Not to be confused with John Kay of Warrington who invented the spinning frame.
Portrait, said to be of John Kay in the 1750s, but probably of his son, "Frenchman" John Kay.
|Born||17 June (N.S 28 June) 1704|
Walmersley, Bury, Lancashire, England
|Known for||Flying shuttle|
|Children||Lettice, Robert (drop box inventor), Ann, Samuel, Lucy, James, John, Alice, Shuse, William, (and two other children who died in childhood)|
|Parent(s)||Robert Kay and Ellin Kay, née Entwisle|
John Kay (17 June 1704 – c. 1779) was the inventor of the flying shuttle, which was a key contribution to the Industrial Revolution. He is often confused with his namesake, who built the first "spinning frame".
John Kay was born on 18 June 1704 in the Lancashire hamlet of Walmersley, just north of Bury. His yeoman farmer father, Robert, owned the "Park" estate in Walmersley, and John was born there. Robert died before John was born, leaving Park House to his eldest son, as Robert's fifth son (out of ten children), John was bequeathed £40 (at age 21) and an education until the age of 14. His mother was responsible for educating him until she remarried.
He apprenticed with a hand-loom reed maker, but is said to have returned home within a month claiming to have mastered the business, he designed a metal substitute for the natural reed that proved popular enough for him to sell throughout England. After travelling the country, making and fitting wire reeds, he returned to Bury and, on 29 June 1725, both he and his brother, William, married Bury women. John's wife was Anne Holte, his daughter Lettice was born in 1726, and his son Robert in 1728.
In Bury he continued to design improvements to textile machinery; in 1730 he patented a cording and twisting machine for worsted.
The flying shuttle
In 1733, he received a patent for his most revolutionary device: a "wheeled shuttle" for the hand loom, it greatly accelerated weaving, by allowing the shuttle carrying the weft to be passed through the warp threads faster and over a greater width of cloth. It was designed for the broad loom, for which it saved labour over the traditional process, needing only one operator per loom (before Kay's improvements a second worker was needed to catch the shuttle). 
Kay always called this invention a "wheeled shuttle", but others used the name "fly-shuttle" (and later, "flying shuttle") because of its continuous speed, especially when a young worker was using it in a narrow loom, the shuttle was described as travelling at "a speed which cannot be imagined, so great that the shuttle can only be seen like a tiny cloud which disappears the same instant."
In July 1733, Kay formed a partnership in Colchester, Essex to begin fly-shuttle manufacturing. No industrial unrest was anticipated, this being the first device of the modern era to significantly enhance productivity, but by September 1733 the Colchester weavers, were so concerned for their livelihoods that they petitioned the King to stop Kay's inventions.
The flying shuttle was to create a particular imbalance by doubling weaving productivity without changing the rate at which thread could be spun,disrupting spinners and weavers alike.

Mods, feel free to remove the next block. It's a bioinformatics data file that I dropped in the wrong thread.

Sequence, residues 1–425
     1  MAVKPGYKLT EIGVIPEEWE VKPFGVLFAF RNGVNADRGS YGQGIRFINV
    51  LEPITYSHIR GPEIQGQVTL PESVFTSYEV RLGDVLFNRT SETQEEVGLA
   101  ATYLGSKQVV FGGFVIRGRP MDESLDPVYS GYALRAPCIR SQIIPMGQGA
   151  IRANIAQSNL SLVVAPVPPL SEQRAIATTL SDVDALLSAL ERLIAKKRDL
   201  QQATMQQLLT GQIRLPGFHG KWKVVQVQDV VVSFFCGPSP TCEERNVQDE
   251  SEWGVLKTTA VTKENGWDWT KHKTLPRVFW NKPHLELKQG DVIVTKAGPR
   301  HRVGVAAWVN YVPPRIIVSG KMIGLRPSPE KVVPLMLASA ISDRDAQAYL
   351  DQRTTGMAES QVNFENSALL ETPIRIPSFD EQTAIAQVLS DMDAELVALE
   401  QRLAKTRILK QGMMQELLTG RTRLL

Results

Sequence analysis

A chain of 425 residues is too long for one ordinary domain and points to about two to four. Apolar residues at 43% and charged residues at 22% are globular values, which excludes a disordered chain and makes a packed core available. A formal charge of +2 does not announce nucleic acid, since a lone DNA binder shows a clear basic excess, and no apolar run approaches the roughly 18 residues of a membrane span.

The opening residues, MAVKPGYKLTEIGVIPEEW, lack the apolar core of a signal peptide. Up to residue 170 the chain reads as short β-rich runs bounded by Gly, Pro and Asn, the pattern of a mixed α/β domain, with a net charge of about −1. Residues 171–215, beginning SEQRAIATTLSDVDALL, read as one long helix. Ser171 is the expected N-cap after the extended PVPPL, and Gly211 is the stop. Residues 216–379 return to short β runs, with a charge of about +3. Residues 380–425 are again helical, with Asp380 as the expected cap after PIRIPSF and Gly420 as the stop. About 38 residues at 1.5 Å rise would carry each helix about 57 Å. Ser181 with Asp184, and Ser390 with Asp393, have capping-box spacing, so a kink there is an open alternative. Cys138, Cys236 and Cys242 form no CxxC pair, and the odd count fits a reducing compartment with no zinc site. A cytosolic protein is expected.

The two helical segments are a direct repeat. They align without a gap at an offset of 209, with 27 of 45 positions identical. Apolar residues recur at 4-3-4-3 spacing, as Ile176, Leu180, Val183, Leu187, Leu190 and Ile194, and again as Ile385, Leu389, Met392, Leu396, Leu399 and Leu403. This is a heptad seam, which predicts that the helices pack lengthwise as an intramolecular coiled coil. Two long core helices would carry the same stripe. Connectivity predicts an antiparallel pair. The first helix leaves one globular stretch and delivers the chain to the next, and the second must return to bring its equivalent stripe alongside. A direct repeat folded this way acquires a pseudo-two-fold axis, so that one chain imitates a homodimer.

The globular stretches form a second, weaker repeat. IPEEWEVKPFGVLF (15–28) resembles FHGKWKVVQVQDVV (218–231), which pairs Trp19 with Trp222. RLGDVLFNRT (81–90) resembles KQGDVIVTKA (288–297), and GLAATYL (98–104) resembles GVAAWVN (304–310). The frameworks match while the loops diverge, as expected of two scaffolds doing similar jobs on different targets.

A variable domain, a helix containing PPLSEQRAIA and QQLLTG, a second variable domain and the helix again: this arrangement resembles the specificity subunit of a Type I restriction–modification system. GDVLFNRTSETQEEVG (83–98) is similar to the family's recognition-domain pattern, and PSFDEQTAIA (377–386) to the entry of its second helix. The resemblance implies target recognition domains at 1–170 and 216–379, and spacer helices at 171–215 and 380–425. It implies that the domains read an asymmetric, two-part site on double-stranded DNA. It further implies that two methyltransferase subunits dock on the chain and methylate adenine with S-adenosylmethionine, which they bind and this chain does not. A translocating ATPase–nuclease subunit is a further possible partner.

Kay tried to promote the fly-shuttle in Bury, but could not convince the woollen manufacturers that it was sufficiently robust; he spent the next two years improving the technology, until it had several advantages over the device specified in the 1733 patent. This was to be one of his difficulties in the coming patent disputes.
In 1738 Kay went to Leeds, where his problem had become royalty collection (the annual licence fee was 15 Shillings per shuttle). He continued to invent, patenting some machines in the same year, though these were not taken up industrially.
The Shuttle Club
Kay (and, initially, his partners) launched numerous patent infringement lawsuits, but if any of these cases were successful, compensation was below the cost of prosecution. Rather than capitulate, the manufacturers formed "the Shuttle Club", a syndicate which paid the costs of any member brought to court; their strategy of patent piracy and mutual indemnification nearly bankrupted Kay.
In 1745, he and Joseph Stell patented a machine for cloth ribbon weaving, which they anticipated might be worked by water wheel, but they were unable to advance their plans because of Kay's legal costs. Impoverished and harassed, Kay was compelled to leave Leeds, and he returned to Bury. Also in 1745, John's twelfth (and final) child, William, was born.
Kay remained inventive; in 1746 he was working on an efficient method of salt production, and designing improvements to spinning technology – but that made him unpopular among Bury spinners. Also, fly-shuttle use was becoming widespread in weaving, increasing cotton yarn demand and its price – and Kay was blamed.
Life in France
He had suffered violent treatment in England, but he did not leave the country on that account, but because of his inability to enforce (or profit from) his patent rights.Trudaine'sBureau de Commerce was known to support textile innovations (and would later actively recruit immigrant inventors). Probably encouraged by the prospect of state support, in 1747, Kay left England for France (where he had never been before, and did not speak the language).
He went to Paris, and throughout 1747 negotiated with the French Government (in English) to sell them his technology.